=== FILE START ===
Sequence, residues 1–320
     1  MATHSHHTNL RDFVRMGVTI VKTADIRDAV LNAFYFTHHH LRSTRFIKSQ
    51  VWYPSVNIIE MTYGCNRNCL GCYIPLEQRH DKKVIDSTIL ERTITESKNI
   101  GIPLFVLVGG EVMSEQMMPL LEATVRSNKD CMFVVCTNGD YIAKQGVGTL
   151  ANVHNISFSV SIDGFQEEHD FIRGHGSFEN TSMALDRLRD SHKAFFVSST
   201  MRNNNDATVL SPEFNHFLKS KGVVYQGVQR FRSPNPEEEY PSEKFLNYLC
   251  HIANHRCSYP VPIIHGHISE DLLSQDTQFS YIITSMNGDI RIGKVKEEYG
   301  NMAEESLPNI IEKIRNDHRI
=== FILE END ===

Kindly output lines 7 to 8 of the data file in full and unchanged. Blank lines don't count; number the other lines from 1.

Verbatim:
   251  HIANHRCSYP VPIIHGHISE DLLSQDTQFS YIITSMNGDI RIGKVKEEYG
   301  NMAEESLPNI IEKIRNDHRI